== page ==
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Portfolio > Economy & Markets

Consumer sentiment in U.S. cooled in February from 11-year high

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(Bloomberg) — Consumer confidence cooled in February from an 11-year high, reflecting recent gains in fuel costs and bad winter weather in parts of the U.S.

The University of Michigan final index of sentiment fell to 95.4, the first decrease in seven months. The index is down from January’s 98.1 index score, which was highest since the start of 2004. The median projection in a Bloomberg survey of 58 economists called for 94 after a preliminary reading of 93.6.

Prices at the gas pump climbed 31 cents a gallon this month and most consumers surveyed anticipate further gains, tempering optimism. Rising payrolls, low inflation and cheap borrowing costs will probably ensure Americans will sustain their spending, which accounts for about 70 percent of the economy.

“There’s been some pullback recently but the elements are there for confidence to remain quite high,” Thomas Costerg, an economist at Standard Chartered Bank in New York, said before the report. “The labor market is improving.”

The figures showed sentiment dropped 10.1 points among residents in the Northeast and 8.9 points in the Midwest, as snow piled up in those regions.

“It is hard not to attribute some of the diminished confidence to the harsh winter weather,” Richard Curtin, director of the Michigan Survey of Consumers, said in a statement. Still, “consumers continued to evaluate their financial situation as well as their future financial prospects at the most favorable levels since 2007.”

Estimates in the Bloomberg survey ranged from 93 to 97.7. The index averaged 75.5 from the start of this expansion through last month, compared with 89 in the five years before December 2007, when the last recession began.

Current conditions

The Michigan sentiment survey’s current conditions index, which takes stock of Americans’ view of their personal finances, dropped to 106.9 from the prior month’s 109.3 reading that was the highest since January 2007.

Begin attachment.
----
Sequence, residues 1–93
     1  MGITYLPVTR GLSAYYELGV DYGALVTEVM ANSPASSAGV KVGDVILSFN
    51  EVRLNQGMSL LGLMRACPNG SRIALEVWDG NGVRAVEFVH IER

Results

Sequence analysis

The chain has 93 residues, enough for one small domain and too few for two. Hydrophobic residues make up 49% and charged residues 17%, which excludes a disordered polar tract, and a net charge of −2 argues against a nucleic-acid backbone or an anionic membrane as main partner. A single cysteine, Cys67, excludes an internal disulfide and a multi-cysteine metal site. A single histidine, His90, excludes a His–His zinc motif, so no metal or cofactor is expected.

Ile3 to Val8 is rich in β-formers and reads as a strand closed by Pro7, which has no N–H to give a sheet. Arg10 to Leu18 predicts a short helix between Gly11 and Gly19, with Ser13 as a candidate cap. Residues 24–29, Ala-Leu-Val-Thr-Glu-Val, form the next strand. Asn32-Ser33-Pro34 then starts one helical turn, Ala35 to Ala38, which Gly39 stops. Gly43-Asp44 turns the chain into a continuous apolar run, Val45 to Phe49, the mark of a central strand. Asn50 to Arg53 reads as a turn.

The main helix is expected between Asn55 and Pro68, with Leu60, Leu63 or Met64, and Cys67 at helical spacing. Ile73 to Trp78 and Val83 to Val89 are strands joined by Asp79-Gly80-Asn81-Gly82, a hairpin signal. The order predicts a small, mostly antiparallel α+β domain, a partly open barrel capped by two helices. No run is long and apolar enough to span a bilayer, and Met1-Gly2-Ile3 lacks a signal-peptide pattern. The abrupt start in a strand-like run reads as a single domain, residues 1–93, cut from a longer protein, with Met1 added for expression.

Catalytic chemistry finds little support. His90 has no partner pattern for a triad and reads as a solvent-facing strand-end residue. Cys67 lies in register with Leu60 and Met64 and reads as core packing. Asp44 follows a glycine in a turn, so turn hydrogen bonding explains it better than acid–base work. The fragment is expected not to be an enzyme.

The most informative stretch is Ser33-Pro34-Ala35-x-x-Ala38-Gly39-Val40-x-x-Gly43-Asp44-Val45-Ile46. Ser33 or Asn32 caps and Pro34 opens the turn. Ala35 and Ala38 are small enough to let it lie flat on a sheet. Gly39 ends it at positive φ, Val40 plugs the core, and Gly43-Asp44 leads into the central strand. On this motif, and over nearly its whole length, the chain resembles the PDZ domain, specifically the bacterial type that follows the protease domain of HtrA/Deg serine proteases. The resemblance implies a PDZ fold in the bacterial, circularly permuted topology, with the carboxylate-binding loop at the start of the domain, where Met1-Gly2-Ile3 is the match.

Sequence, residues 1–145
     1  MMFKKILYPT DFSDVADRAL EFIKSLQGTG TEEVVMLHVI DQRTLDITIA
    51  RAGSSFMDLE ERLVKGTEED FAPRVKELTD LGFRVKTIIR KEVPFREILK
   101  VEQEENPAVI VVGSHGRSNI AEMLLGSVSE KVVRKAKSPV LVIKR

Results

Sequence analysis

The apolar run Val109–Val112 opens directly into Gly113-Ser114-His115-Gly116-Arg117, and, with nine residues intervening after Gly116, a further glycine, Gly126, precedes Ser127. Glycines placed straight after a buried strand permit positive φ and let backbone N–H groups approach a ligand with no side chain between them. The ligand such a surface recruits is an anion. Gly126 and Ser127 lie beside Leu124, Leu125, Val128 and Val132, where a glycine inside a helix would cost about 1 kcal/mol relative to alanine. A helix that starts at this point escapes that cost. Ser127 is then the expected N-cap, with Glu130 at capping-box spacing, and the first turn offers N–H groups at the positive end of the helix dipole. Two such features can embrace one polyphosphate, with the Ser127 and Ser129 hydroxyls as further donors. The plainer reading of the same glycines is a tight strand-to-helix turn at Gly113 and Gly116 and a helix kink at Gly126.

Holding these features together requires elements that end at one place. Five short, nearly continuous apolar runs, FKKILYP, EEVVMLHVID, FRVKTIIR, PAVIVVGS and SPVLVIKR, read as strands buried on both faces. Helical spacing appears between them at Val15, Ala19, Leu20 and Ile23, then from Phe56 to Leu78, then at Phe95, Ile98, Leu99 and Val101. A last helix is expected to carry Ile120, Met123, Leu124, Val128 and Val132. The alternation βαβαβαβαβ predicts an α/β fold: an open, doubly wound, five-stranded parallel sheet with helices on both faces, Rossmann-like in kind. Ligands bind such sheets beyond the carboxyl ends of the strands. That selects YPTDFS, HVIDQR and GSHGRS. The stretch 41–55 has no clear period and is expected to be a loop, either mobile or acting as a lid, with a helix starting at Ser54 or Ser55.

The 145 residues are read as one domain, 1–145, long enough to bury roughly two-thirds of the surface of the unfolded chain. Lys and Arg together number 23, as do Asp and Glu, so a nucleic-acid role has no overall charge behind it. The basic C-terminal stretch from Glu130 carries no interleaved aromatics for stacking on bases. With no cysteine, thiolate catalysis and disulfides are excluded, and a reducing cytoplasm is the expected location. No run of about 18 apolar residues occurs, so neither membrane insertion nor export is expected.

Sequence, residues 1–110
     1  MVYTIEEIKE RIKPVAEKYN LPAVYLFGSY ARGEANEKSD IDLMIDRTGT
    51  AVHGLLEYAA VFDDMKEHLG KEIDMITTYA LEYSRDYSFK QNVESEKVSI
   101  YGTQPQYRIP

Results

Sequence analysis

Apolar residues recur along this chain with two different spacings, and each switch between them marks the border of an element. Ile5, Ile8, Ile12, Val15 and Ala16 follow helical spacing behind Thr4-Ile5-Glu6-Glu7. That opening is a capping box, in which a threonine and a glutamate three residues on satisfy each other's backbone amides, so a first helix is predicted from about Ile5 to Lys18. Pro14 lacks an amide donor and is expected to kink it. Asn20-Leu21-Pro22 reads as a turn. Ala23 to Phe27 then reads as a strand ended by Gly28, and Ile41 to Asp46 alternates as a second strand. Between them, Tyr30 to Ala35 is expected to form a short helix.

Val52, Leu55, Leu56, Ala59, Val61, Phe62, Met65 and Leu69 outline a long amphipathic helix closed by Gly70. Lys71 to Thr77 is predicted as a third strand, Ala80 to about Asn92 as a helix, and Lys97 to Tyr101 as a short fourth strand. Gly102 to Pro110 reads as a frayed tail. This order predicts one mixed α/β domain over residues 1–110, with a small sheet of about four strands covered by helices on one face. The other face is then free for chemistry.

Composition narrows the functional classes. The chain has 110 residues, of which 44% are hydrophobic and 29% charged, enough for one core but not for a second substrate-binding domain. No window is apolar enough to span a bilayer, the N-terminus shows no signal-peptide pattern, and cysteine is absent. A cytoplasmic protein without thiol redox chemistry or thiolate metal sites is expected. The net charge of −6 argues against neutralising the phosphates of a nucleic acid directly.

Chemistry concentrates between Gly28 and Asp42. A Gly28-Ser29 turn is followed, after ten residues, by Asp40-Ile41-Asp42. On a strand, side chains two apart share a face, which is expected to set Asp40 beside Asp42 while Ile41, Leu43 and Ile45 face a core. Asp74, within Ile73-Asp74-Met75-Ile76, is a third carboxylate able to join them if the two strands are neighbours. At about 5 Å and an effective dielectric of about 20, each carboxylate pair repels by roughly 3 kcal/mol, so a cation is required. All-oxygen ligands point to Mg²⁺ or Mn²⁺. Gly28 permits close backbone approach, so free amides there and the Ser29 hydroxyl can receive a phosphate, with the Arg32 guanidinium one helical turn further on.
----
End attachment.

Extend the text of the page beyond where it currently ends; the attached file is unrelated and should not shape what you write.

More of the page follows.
The measure of expectations six months from now decreased to 88 from 91.

Americans expect the inflation rate in the next year will be 2.8 percent, compared with 2.5 percent in January. Over the next five to 10 years, they expect a 2.7 percent rate of inflation, compared with 2.8 percent in January.

The average cost of regular gasoline climbed to $2.37 on Thursday, according to AAA, the biggest U.S. motoring group. It has been advanced after sliding to $2.03 a gallon on Jan. 25, the cheapest since 2009.

Consumer spending

The labor market remains supportive of consumer spending. Job gains in January capped the strongest three months of payroll growth in 17 years, Labor Department data show.

Household purchases climbed in the fourth quarter by the most in four years, a report Friday from the Commerce Department showed. The overall economy grew at a slower pace than initially estimated, restrained by a smaller gain in inventories and larger trade deficit.

Lowe’s Cos., the second-largest U.S. home-improvement retailer, is among companies saying sentiment, along with income gains and low mortgage rates, bodes well for their outlook. Lowe’s reported fourth-quarter profit that topped analysts’ estimates.

“Expected growth in the home improvement market is further supported by recent consumer confidence ratings and the results of our fourth-quarter Consumer Sentiment Survey, which revealed that homeowners’ views around personal finances and home values continue to improve,” Chief Executive Office Robert Niblock said during an earnings call on Feb. 25.

Other confidence data indicate Americans are less upbeat. The Bloomberg Consumer Comfort Index fell last week by the most since May 2014 as Americans’ views of the economy and their finances dimmed.

–With assistance from Chris Middleton in Washington.


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